“The one way to get this to end—and I think Shafik knows this—is to listen to our demands and fully divest from Israel and make history as the first campus to divest our financial holdings from institutions of oppression, the same way we made history as the first campus to divest from South African apartheid. All this can be over tomorrow.”

When asked if he is worried that New York Gov. Kathy Hochul will send in the National Guard to crack down on the Columbia encampment, Jared’s expression becomes intense, focused. He answers with one clipped word: “No.”

“They want us to be worried. They want to chip away at the support. They want people to be scared. They know that a small group of people is easier to deal with than a big group. They issue empty threats to try to scare people away, so if they do send in police or National Guard, there’s fewer to arrest and it won’t be as much of a media scene. I’m not going to be intimidated by threats from my university.”

Since the mass arrests at Columbia, other encampments sprang up in California, Texas, Tennessee, Minnesota, Michigan, upstate New York, Massachusetts, New Jersey, Connecticut, Pennsylvania, and North Carolina. In New York City alone, students at CCNY, NYU, and The New School followed suit.

Despite crackdowns and police terror, the ceasefire demonstrators are undeterred. What do the students at Columbia think, knowing that their campus has inspired other students across the country to take up their demands and tactics?

Faculty in bright yellow vests create a human shield to protect ceasefire demonstrators from right-wing social media provocateurs. | Taryn Fivek / People’s World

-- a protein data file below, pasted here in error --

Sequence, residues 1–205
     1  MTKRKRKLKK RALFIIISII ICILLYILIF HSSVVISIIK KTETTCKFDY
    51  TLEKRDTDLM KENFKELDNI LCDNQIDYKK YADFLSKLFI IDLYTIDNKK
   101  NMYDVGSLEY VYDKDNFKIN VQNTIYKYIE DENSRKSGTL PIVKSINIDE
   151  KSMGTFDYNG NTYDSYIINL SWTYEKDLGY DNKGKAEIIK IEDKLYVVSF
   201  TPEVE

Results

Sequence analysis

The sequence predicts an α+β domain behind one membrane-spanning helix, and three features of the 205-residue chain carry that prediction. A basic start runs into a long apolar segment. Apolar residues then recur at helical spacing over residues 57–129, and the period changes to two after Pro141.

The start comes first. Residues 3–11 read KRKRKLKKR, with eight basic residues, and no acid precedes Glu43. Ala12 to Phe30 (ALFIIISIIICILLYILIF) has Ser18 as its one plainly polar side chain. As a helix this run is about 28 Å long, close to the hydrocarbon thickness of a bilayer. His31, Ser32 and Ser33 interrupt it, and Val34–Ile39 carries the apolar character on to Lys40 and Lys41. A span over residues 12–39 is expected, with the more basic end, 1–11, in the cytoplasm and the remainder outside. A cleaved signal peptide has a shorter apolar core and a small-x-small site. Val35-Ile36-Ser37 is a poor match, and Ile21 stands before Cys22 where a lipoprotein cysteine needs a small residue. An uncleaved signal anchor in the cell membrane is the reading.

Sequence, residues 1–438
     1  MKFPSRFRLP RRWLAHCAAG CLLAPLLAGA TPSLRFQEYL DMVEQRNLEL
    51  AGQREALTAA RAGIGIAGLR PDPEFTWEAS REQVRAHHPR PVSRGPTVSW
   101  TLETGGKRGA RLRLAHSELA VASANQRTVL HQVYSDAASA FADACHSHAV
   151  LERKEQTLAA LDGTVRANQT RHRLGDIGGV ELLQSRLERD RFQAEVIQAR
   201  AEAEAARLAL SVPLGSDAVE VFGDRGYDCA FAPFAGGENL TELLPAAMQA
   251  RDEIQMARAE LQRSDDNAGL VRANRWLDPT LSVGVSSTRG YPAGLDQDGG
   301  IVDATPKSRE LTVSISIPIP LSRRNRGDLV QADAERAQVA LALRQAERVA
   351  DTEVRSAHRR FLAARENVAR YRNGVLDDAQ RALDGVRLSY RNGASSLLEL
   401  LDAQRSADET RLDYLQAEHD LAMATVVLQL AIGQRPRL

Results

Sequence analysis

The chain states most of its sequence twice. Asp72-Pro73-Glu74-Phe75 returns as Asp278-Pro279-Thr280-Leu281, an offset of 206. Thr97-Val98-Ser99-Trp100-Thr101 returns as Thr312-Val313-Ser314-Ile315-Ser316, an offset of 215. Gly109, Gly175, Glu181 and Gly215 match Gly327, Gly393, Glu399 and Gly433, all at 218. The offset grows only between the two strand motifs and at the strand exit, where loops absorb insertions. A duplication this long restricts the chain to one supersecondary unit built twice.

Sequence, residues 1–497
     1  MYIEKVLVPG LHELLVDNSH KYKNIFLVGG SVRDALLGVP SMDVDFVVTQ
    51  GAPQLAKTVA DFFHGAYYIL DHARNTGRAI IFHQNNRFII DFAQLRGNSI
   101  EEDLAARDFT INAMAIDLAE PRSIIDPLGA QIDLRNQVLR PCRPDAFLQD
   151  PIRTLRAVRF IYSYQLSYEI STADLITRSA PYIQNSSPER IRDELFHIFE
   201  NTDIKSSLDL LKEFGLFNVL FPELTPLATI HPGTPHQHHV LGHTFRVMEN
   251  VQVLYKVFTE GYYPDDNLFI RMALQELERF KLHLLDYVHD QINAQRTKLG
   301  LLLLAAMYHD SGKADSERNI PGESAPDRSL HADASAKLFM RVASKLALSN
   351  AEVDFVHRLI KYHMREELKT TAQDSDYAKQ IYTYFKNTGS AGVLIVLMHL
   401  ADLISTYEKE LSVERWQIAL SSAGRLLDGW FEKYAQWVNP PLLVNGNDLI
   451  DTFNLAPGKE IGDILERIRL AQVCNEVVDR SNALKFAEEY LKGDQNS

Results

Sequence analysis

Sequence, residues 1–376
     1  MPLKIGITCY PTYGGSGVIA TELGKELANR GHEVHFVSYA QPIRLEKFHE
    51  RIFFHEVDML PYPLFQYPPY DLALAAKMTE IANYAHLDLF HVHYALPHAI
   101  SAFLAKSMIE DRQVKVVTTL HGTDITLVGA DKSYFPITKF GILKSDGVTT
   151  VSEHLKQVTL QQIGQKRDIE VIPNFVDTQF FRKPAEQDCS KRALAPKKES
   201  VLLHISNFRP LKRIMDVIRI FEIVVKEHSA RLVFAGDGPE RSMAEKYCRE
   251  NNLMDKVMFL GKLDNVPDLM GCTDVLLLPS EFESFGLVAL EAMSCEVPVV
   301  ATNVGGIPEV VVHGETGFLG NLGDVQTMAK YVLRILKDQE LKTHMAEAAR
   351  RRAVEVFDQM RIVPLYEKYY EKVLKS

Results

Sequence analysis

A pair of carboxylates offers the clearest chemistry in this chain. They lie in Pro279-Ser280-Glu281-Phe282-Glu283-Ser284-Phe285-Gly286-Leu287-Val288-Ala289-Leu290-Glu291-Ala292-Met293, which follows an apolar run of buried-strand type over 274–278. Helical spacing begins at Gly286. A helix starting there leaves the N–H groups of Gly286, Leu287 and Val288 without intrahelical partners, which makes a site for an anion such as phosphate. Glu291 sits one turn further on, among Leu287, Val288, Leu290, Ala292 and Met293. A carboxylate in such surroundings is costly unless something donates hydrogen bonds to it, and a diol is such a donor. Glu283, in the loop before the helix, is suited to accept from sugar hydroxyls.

“It’s inspiring, and we hope it continues, but we hope that they do it with the right message. We don’t want these to be encampments in solidarity with Columbia, we want them to be in solidarity with Palestine. It’s a crazy media frenzy here, and we welcome people that are here to help spread our message, but the message should be focused on Palestine.”

While it is increasingly difficult to access the Columbia campus, Jared encourages local supporters of the encampment to participate by joining in protests like the sit-down seder organized by IfNotNow in Brooklyn earlier in the week.

As our interview draws to a close, a few far-right social media influencers who were covering the Mike Johnson press conference earlier finally arrive to crash the encampment, trying to push their way past the student volunteers while yelling loudly and demanding to be let inside.

In response, the faculty who have just finished their de-escalation training turn their backs on the outside agitators, linking arms to protect their students. Their bright yellow vests create a human shield that sends a powerful message: These students are not alone.

They are supported by their community, by their families, by unions, and by the many millions who are loudly echoing their demands both on campus and off.

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Taryn Fivek
Taryn Fivek

Taryn Fivek is a reporter for People's World in New York.